Nago City Council Election on September 12 resulted in the candicates supporting Mayor Inamine's opposition against a new base gained 16 seats, winning the majority in the 27-seat council....More details from The Mainichi...
The election was not a referendum on the base issue, but it sends a message to the Japanese and the U.S. governments that their heavy-handed efforts to buy off Nago's "min-i (democratic voices)" are not working. They should stop trying to convince voters of Nago, and start listening to them.
NAGO, Okinawa -- Local voters have expressed support for the mayor's opposition to relocating U.S. Marine Corps Air Station Futenma to an offshore area of the city by giving pro-mayor forces a comfortable majority in the municipal assembly.
The opposition Nago residents expressed again toward the relocation through the Sept. 12 election has dealt a serious blow to the Democratic Party of Japan (DPJ)-led administration, which has officially agreed with the United States to relocate the base off Nago.
Mayor Susumu Inamine expressed gratitude to local voters for supporting his opposition to the relocation plan.
"Just a few minutes ago, I received a report that opponents secured a majority. Local residents expressed their will," he told reporters at City Hall shortly after midnight on Sept. 13.
Inamine, who pledged never to allow the national government to build a base in inland or offshore areas of the city, was elected to his first term as mayor in the January 2010 election.
The DPJ had pledged during the campaign for the 2009 House of Representatives election to relocate Futenma base at least out of the prefecture. However, the administration of Prime Minister Yukio Hatoyama retracted the pledge and decided in May to build a substitute facility for the base off the Henoko district of Nago.
The administration of Hatoyama's successor, Naoto Kan, followed the decision despite Mayor Inamine's stiff opposition, and announced a report by a Japanese and U.S. expert panel on the construction method of the planned new base in late August.
Excluding neutral members, the assembly had been evenly split between pro- and anti-mayor members until the Sept. 12 election. At one point, rumors circulated in the city that anti-mayor members would join hands with some of the neutral members to ram through a resolution agreeing on the relocation plan during its June session.
Some residents began to voice criticism of the city administration led by Inamine after the national government decided to withhold a grant for the city unless it agreed to host the base.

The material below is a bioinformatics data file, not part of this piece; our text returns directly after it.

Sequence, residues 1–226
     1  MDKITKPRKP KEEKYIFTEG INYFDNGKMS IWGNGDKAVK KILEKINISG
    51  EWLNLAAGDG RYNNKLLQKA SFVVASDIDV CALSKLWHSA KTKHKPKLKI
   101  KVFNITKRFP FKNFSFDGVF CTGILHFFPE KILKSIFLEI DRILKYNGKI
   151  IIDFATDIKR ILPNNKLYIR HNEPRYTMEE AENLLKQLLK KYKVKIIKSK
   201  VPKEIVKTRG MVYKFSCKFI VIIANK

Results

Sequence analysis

The main point of contention during the assembly election was whether voters would support the mayor or not, according to a municipal government official.
A candidate with close ties to former Mayor Yoshikazu Shimabukuro, who had agreed to host the base with some conditions attached, launched a massive election campaign with the backing of local businesses.
Toward the end of the campaign, it was rumored that anti-mayor candidates would likely win the election, prompting Mayor Inamine to take to the streets to call for support for pro-mayor, anti-base candidates.
Yoshitami Oshiro, 69, a pro-mayor candidate who won the election, said the results reflect local residents' will to ensure Inamine adheres to his opposition to the relocation.
"Local residents expressed their wish to stabilize the Inamine-led municipal administration," he said.
Yasuhide Miyagi, 55, an anti-mayor candidate who was elected to his first term by garnering the fifth largest number of votes of all candidates, did not comment on the overall results of the election when he addressed his supporters after the election.
However, Miyagi, leader of a local residents' group that has agreed to host the base with some conditions attached, told reporters, "I'd like to consult with the mayor and convey Henoko residents' will to him."
Hiroshi Kohagura, head of a local panel on base relocation countermeasures, said the election results reflect local residents' anger at the DPJ administration's betrayal of their trust.
"Prefectural residents expressed anger at Mr. Hatoyama for giving them hope and placing a ladder to heaven for them, only to then throw them into a bottomless pit," he said.
(Mainichi Japan) September 13, 2010